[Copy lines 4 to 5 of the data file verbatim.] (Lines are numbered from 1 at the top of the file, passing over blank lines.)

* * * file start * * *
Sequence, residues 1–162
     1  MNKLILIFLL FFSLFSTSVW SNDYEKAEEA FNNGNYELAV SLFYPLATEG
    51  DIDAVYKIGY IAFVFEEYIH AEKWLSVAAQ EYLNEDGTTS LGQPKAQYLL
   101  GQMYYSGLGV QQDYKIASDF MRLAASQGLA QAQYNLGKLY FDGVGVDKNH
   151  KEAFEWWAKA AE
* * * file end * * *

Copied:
   101  GQMYYSGLGV QQDYKIASDF MRLAASQGLA QAQYNLGKLY FDGVGVDKNH
   151  KEAFEWWAKA AE